salad. Parrot grog rounded out our menu. Party "china" consisted
of green plastic plates, Quaker gray napkins that looked ominously like
the evening sky, blue plastic cutlery - we duplicated the popular Quaker
color scheme. Grog was served in big green plastic "shooters" on
which people wrote their name with a white grease pencil.
bird gifts, and some thoughtful folks
several. A small colorful mountain of presents grew on the boats teak
decks. What amazed Tom, but not yours truly and probably not you, was the
fact that no one had ever been to a parrot birthday party!
Mumsey was secretive
about his party games, but when I first heard him murmur the word
"games" I knew that he was all the way over the edge. His guests
ran the gamut from old to young, millionaires to thousandaires, and this
eccentric femme was talking about playing kid games.
The first game was
the Ritz Cracker toss, and the local gulls dined well. As daylight waned
the blast matured and the second game - pin the tail on the Quaker...what
else? commenced. Tom stapled the target, the April Quaker centerfold of
Bird Talk, to a big piling. The idea was to pin (tape, really) one of
Friday's recycled tail feathers closest to"the spot"while blind
folded with a genuine doo-rag -freshly washed of course. The winner's
prize was of course a bag stuffed with more of Friday's green and gray
Dinner was served at
the correct time and everyone sat on
deck under cover as darkness and a few sprinkles fell.
The party had gone
beautifully....so far I was amazed. Everyone loved Tom's crazy games, but
suprise-suprise, Friday and Joan were not an excuse for the party. They
whistled and chirped at its center as they stepped easily from hand to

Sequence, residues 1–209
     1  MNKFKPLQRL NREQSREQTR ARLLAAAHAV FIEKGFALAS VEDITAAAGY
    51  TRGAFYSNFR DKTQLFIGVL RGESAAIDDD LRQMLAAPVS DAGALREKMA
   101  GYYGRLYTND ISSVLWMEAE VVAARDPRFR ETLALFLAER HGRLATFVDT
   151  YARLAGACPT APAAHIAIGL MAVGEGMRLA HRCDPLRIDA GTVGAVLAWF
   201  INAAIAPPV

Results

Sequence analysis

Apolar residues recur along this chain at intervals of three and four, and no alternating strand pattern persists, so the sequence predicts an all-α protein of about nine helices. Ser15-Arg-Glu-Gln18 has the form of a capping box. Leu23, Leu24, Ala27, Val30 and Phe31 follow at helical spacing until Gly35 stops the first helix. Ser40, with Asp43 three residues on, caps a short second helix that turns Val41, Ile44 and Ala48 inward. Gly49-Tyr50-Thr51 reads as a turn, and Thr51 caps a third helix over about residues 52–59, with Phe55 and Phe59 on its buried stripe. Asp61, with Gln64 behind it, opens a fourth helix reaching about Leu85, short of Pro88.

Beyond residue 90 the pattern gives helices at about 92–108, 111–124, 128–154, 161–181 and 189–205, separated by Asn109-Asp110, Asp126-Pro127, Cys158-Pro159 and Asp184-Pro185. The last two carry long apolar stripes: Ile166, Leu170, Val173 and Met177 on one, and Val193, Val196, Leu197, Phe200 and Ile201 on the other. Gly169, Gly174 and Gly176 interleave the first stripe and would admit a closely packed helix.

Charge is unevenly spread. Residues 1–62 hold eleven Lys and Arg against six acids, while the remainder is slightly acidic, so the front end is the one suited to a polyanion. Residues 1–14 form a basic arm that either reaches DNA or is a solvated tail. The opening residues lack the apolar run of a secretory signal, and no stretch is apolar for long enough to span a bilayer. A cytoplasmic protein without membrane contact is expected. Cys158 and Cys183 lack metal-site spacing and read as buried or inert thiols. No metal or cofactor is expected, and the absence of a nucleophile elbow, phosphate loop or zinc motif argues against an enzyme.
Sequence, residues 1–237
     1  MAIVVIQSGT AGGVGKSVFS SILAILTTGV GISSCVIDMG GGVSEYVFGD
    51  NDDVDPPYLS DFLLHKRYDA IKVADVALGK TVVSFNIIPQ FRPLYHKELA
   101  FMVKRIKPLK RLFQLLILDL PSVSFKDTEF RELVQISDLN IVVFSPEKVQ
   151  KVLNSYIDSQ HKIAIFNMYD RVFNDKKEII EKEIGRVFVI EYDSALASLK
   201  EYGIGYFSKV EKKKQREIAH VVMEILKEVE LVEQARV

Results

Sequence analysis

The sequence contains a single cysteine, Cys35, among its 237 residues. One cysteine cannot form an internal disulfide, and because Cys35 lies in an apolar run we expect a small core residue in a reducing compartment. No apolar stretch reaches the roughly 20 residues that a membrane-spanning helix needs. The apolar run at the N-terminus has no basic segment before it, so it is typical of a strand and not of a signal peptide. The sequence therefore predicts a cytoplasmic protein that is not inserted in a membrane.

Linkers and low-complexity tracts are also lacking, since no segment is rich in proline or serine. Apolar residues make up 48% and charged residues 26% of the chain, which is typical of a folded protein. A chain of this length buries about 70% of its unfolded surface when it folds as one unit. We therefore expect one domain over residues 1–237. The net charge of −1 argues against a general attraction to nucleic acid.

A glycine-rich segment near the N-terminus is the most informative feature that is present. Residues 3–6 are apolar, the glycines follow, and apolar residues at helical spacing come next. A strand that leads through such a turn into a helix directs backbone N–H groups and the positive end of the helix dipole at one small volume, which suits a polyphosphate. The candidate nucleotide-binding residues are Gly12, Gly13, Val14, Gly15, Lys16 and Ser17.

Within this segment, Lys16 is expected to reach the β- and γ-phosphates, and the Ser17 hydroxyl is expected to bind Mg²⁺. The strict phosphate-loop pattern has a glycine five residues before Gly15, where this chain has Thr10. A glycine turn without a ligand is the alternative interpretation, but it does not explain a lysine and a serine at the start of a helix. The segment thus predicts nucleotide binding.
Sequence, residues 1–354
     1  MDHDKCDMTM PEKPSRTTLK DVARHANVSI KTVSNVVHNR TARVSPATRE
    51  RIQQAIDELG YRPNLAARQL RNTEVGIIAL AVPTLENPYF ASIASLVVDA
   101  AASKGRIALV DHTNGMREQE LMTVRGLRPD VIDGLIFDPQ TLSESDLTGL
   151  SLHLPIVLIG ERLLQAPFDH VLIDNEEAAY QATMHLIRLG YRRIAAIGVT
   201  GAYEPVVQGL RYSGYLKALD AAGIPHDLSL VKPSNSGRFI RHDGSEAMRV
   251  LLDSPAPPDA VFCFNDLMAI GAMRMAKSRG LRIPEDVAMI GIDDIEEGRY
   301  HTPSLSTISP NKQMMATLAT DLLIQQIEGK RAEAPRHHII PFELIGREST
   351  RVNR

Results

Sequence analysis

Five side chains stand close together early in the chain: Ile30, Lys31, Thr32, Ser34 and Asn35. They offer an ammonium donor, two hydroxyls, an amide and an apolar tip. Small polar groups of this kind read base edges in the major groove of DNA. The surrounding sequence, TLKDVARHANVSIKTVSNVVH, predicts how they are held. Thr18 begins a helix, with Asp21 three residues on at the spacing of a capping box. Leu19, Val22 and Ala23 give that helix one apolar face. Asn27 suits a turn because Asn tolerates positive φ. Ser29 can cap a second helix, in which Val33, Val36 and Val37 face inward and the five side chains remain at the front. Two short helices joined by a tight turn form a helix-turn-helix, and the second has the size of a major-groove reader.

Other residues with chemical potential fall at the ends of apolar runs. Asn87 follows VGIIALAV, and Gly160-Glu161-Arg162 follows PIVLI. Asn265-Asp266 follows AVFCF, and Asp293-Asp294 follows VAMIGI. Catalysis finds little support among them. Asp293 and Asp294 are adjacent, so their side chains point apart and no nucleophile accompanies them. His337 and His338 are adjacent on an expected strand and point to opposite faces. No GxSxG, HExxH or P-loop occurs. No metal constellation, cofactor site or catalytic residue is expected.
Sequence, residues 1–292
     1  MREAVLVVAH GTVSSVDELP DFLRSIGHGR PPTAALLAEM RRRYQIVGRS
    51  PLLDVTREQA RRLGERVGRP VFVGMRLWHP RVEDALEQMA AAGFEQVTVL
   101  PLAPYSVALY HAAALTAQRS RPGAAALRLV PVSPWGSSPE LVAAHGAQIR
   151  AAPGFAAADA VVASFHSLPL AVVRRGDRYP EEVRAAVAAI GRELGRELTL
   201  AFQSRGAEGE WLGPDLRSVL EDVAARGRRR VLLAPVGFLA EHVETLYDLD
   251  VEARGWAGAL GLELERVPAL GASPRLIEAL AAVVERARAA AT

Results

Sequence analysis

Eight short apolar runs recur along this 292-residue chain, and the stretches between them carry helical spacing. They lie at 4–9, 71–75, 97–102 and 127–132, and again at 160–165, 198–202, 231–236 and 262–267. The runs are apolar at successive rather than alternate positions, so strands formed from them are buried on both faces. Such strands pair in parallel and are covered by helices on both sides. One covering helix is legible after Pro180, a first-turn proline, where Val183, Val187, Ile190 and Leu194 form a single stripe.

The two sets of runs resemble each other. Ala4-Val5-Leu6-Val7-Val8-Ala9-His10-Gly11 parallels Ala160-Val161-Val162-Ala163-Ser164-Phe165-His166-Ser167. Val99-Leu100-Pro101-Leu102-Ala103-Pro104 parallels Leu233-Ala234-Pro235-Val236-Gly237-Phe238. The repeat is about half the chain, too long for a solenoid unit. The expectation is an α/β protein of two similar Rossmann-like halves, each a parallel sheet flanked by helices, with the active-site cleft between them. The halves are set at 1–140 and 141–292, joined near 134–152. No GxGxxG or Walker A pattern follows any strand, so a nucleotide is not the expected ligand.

Almost as if by
magic the roar subsided and attention focussed
on Joan and Friday and Susan and Tom and the mountain of presents. As each
was opened the joyful mother would tell everyone how the gift giver fit
into Friday's young life.
gift-opening joke telling session ended I appeared with the birthday cake.
I can't believe the cake, even though I arranged it. The low-cal wallop
sported a green and gray Quaker on white icing, and the words "Happy
Birthday Joan and Friday". I ordered a white cake since chocolate
can be toxic to birds. Orange sherbet, Friday's favorite cold food,
followed the cake.
The soiree started
to break up about 10PM. "Let's do it again next year." was the
chant as people stepped happily from deck to dock. My mouth was agape in
amazement. Friday and Joan were puffed to twice normal size, and Tom and
Susan wore the smug, knowing looks of any hostess.
To sum up the event
- Would I do it again? Yes- in a heartbeat.
Has Tom really lost it? Almost, but the party boosted his credibility. Is
Friday special? Absolutely. He's almost human. Has the past year been
worth it? Yes, every dollar